Bombus soroeensis (Fabricius,1777)


Cardui (Müller, 1776); Proteus Gerstaecker, 1869; perplexus Radoszkowski, 1884, not of Cresson, 1863 (= B. perplexus Cresson) Radoszkowskyi Dalla Torre, 1890, replacement name for perplexus Radoszkowski, 1884:82; miniatocaudatus Vogt, 1909

For details see Williams Bumblebees of the world


Description and notes

Keys and general biology are found in Sladen (1912), Free & Butler (1959), Alford (1975) and Prŷs-Jones & Corbet (1991). A rather small yellow, black and white-banded bumblebee which can be rather difficult to distinguish from the very common Bombus lucorum. Although much is made in the literature of a centrally broken yellow band on the second segment of the abdomen, this is probably the worst field character to distinguish this species, being hard to discern with the naked eye. Even then one must be sure that the break is due to black hairs, not loss of yellow ones! Apart from its rather smaller size than B. lucorum, there are two characters which should alert one to the possibility of B. soroeensis. The yellow abdominal band on the second tergite often curves round onto the sides of the first and the tail is often suffused with a peachy colouring. However, neither of these characters is completely constant and then the only option is to look at the grooves on the mandible of females and the genitalia of males.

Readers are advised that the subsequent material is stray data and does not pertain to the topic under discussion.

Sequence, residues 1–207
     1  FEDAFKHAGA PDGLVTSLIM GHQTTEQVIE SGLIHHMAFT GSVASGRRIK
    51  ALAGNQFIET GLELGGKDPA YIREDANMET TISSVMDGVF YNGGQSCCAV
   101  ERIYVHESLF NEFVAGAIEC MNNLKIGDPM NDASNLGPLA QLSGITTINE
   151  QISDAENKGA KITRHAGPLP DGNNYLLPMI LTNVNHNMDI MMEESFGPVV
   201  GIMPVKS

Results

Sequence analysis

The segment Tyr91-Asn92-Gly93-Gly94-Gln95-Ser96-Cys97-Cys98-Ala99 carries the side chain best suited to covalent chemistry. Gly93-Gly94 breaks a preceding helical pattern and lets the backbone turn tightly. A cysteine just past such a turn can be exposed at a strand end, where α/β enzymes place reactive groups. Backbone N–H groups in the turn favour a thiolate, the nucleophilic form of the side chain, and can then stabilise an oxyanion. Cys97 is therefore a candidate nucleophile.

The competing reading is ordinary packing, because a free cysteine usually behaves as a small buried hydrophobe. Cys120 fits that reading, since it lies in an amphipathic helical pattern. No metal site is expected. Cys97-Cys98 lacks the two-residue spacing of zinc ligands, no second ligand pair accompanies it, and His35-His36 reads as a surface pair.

Much of England, Wales and Scotland. It is restricted to extensive areas of late-flowering grasslands and moorland. However, it appears to be absent from the dry heaths of south-eastern England and has disappeared from much of southern and eastern England. There are recent records from the Dungeness area, where it had been previously unrecorded. It is widespread in Europe, and in middle and northern latitudes of Asia, eastwards to northern Mongolia (Løken 1973).

Status (in Britain only)

This bee is not regarded as being scarce or threatened. However, modern research suggests that its status is in need of review.


Although it has always been considered strongly associated with extensive moorland in the north and west of the Atlas area, it does occur in a variety of other habitats, including the extensive calcareous grasslands of Salisbury Plain.

Flight period

Univoltine. Nest searching queens are among the last species to emerge throughout its range, being present in June to August, according to latitude. The males, are similarly late to emerge, often not being seen until September and October.

Pollen collected

Polylectic. It is very fond of the smaller-flowered legumes, such as the melilots (Melilotus spp.); but also visits bellflowers (Campanula spp.) and Devil's-bit scabious (Succisa pratensis).

Nesting biology

This species nests underground in old mouse or vole nests. The nest is rather small, usually with fewer than 100 workers.

Flowers visited

Visits are made to a variety of flowers, both for pollen and nectar.


No cuckoo-bee is known to attack this species in the Atlas area.

Author of profile

M Edwards.

Year profile last updated

Profile written: 2006

Proofed: April 2012